The temporal precision of reward prediction in dopamine neurons

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Midbrain dopamine neurons are activated when reward is greater than predicted, and this error signal could teach target neurons both the value of reward and when it will occur. We used the dopamine error signal to measure how the expectation of reward was distributed over time. Animals were trained with fixed-duration intervals of 1-16 s between conditioned stimulus onset and reward. In contrast to the weak responses that have been observed after short intervals (1-2 s), activations to reward increased steeply and linearly with the logarithm of the interval. Results with varied stimulus-reward intervals suggest that the neural expectation was substantial after just half an interval had elapsed. Thus, the neural expectation of reward in these experiments was not highly precise and the precision declined sharply with interval duration. The neural precision of expectation appeared to be at least qualitatively similar to the precision of anticipatory licking behavior.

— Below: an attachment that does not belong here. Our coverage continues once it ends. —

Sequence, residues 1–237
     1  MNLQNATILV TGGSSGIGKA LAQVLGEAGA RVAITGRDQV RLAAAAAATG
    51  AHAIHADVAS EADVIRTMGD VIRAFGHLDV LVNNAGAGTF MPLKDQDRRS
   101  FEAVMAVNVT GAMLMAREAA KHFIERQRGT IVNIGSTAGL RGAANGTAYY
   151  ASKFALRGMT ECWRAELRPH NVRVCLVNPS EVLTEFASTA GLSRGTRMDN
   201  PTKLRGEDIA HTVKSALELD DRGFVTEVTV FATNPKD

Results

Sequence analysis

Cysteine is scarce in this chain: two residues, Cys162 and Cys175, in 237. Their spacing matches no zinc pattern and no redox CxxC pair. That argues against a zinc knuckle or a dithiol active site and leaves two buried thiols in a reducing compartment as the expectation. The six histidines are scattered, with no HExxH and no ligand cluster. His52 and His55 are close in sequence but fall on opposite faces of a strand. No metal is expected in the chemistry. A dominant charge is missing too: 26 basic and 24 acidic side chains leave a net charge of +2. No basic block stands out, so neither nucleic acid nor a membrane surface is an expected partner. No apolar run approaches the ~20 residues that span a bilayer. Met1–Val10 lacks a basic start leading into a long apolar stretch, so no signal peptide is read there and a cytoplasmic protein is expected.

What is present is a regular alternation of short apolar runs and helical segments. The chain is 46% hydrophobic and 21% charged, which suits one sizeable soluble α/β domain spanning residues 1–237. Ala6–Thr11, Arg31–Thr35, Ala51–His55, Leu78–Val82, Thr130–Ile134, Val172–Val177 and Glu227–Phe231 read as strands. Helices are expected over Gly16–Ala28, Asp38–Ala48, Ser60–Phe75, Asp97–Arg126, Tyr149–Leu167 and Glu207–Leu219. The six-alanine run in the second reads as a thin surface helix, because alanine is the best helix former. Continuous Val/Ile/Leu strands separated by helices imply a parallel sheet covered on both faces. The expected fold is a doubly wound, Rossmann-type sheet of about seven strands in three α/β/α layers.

Publisher
NATURE PUBLISHING GROUP
Issue Date
2008-08
Language
English
Article Type
Article
Keywords

DELAYED-RESPONSE TASK; PREFRONTAL CORTEX; MIDBRAIN DOPAMINE; SIGNAL; TIME; REPRESENTATION; MACAQUE; MONKEY; ERROR; MODEL

Citation

NATURE NEUROSCIENCE, v.11, no.8, pp.966 - 973

ISSN
1097-6256
DOI
10.1038/nn.2159
URI
http://hdl.handle.net/10203/91084
Appears in Collection
BiS-Journal Papers(저널논문)
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